Stomach Botox causes European Paralysis Outbreak
An outbreak of botulinum poisoning has been connected to two private hospitals in Turkey where patients underwent a weight-loss-related surgical treatment.
According to a study by the European Center for Disease Prevention and Control (ECDC), 67 cases of botulism have been documented thus far, with the majority occurring in Turkey, followed by Germany (12 instances), Austria (1), and Switzerland (2).
There have been no recorded fatalities, although some of the most severe patients have been taken to intensive care.
Botulism is a paralytic sickness caused by the bacteria Clostridium botulinum, which typically develops from spores in oxygen-free places, such as the can of beans you’ve been avoiding since last summer because it’s swollen.
It can induce blurred or double vision, slurred speech, nausea, or diarrhea in milder cases. In 5 to 10 percent of instances involving acute poisoning, inability to breathe results in death.
In recent years, the unpleasant, nerve-blocking toxin produced by the microorganism has been utilized as a treatment.
By injecting carefully calculated amounts of the neurotoxin into particular areas of the body, qualified medical professionals may be able to disable specific muscles responsible for pain or aesthetic issues.
Botox therapy is commonly connected with anti-wrinkle techniques, but it also has a range of additional uses, including as relieving chronic migraines and reducing excessive sweating in places such as the armpits.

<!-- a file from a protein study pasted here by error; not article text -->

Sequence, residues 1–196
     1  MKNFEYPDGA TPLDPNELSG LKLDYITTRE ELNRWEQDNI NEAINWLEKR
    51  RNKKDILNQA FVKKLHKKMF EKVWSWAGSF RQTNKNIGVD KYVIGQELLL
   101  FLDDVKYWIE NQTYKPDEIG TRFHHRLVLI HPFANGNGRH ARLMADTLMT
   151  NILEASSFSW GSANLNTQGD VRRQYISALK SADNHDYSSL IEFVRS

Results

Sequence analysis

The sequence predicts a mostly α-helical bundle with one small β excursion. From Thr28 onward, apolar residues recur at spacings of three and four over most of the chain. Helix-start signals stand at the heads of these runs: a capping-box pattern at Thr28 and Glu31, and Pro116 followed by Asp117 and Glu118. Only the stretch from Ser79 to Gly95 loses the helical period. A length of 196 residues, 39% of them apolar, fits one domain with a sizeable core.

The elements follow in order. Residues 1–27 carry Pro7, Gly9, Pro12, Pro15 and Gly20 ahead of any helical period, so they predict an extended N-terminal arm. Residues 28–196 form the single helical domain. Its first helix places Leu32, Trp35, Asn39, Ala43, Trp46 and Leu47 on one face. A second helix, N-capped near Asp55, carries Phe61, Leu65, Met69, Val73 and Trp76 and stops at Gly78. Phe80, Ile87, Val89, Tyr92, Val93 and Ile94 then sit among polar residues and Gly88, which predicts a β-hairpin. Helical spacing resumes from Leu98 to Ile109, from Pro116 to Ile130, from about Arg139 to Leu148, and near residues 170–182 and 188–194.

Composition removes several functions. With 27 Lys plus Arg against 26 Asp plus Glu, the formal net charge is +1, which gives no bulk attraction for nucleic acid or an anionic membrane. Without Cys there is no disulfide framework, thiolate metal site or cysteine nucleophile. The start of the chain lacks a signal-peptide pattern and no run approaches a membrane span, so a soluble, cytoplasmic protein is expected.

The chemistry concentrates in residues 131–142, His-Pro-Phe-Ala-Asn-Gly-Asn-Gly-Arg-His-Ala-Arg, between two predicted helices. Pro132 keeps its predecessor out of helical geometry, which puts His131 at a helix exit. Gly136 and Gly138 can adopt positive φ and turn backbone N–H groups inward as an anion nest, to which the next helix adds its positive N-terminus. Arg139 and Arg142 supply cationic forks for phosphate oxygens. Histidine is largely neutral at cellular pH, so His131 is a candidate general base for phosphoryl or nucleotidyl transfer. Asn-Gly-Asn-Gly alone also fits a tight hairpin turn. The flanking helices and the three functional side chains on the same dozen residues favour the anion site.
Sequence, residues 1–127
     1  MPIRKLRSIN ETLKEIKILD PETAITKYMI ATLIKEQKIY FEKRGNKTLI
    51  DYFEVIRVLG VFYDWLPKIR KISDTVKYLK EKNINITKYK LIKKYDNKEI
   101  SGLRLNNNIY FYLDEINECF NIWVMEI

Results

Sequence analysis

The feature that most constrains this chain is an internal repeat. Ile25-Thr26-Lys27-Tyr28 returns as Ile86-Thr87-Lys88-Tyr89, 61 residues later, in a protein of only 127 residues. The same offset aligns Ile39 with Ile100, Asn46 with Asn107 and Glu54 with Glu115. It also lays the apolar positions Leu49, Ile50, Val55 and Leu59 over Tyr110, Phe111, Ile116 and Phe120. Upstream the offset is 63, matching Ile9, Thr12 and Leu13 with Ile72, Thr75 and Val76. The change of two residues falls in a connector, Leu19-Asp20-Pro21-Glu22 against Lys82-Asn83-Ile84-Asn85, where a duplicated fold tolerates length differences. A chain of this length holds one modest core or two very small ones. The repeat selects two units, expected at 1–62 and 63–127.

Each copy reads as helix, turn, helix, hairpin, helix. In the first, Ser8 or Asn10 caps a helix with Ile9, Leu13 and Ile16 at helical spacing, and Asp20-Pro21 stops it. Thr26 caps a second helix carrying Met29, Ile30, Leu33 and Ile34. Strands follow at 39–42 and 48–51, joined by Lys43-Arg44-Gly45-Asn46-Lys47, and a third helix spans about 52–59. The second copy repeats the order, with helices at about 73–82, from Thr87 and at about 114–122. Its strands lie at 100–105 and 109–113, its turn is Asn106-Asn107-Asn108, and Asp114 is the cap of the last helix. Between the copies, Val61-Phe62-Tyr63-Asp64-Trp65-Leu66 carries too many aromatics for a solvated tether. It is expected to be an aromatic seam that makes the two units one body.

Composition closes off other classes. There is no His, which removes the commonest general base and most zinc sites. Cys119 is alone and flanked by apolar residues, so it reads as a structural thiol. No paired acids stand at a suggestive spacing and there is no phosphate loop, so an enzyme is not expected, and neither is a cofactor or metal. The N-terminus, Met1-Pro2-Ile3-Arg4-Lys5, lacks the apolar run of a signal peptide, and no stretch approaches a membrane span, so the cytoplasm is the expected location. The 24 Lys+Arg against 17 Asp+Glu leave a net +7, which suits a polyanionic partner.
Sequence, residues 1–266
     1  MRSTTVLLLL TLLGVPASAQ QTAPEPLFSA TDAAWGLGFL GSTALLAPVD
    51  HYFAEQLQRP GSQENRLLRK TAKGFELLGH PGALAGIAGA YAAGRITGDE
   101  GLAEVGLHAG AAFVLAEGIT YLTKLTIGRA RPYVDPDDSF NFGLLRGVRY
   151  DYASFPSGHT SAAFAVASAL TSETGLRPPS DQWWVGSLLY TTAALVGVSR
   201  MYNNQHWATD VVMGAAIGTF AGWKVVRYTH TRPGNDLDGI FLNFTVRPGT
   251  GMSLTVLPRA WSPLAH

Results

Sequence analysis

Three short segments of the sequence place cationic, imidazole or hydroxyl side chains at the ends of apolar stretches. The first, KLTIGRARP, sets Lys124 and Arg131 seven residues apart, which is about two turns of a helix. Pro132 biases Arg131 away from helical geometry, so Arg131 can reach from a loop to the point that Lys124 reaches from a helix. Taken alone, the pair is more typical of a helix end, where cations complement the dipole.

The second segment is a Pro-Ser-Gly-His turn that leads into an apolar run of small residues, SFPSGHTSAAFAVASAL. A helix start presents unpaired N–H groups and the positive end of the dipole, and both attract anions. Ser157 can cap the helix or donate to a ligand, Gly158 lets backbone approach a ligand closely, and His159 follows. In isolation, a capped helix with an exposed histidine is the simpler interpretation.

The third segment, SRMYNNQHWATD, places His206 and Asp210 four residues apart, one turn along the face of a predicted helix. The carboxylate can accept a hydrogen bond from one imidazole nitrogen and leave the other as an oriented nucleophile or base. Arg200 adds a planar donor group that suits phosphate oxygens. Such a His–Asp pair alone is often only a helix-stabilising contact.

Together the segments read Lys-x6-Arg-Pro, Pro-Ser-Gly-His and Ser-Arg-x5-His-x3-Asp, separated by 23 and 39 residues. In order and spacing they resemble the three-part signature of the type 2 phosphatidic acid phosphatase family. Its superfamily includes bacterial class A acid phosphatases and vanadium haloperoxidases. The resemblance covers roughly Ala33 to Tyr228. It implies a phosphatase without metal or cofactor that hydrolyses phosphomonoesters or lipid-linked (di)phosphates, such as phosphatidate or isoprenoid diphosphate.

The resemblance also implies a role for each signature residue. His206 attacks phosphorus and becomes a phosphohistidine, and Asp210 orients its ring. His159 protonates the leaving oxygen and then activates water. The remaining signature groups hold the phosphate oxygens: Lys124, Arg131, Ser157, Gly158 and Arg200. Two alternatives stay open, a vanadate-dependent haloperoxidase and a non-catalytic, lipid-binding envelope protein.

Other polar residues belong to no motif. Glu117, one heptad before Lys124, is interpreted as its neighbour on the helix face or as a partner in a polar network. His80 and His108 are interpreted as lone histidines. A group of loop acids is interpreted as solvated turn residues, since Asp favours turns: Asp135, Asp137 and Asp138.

What is the toxin?
Botulinum toxin A (BTX-A) injections into the stomach wall via endoscope have become a method of delaying digestion and prolonging the ‘full’ feeling after encouraging findings in animal tests in the early 2000s.
A growing number of clinics across the world offer the operations, which are frequently referred to as ‘stomach Botox’ or ‘gastric Botox‘ treatments. So far, they appear to be a pretty safe choice, though their long-term efficiency as a weight reduction tool is dubious.
Therefore, perfect safety can be impossible to guarantee when working with one of the world’s most lethal toxins. There is not much room for error when determining a safe and effective dose of BTX-A, which is deemed fatal over one nanogram per kilogram of body weight.
Botulinum toxin is composed of multiple distinct compounds, each with a unique potency; therefore, it is essential to strike the proper balance while preparing a standardized drug. Obviously, this is a formula better left to authorized makers.
Unlicensed ‘Botox’ products using unknown mixtures or unapproved counterfeit sources of the toxin pose considerable dangers to patient health, even in the hands of skilled professionals.
It is difficult to determine what went wrong to generate this outbreak. In 60 of the 63 patients with appropriate information, the surgery was performed at a private hospital in Istanbul.
Three more were affiliated with a second private hospital in Izmir, Turkey. All of their therapies were administered between 22 February and 1 March of this year.
The Turkish government asserts that the products used in the stomach-paralyzing surgery were licensed but not permitted for usage. Meanwhile, investigations are being conducted on each of the clinics, whose operations have been halted until the outcome.
The ECDC advises anybody who travels to Istanbul or Izmir for intragastric botulinum neurotoxin therapy to seek medical attention if they feel overall weakness, difficulties breathing or swallowing, or difficulty breathing.
Recovery from the effects of the paralyzing poison might take several months. In Egypt in 2017, a botulism epidemic triggered by a counterfeit BTX-A medicine hospitalized at least five people. Even after receiving antitoxin treatment, the patients in this case required up to 12 weeks to recover completely.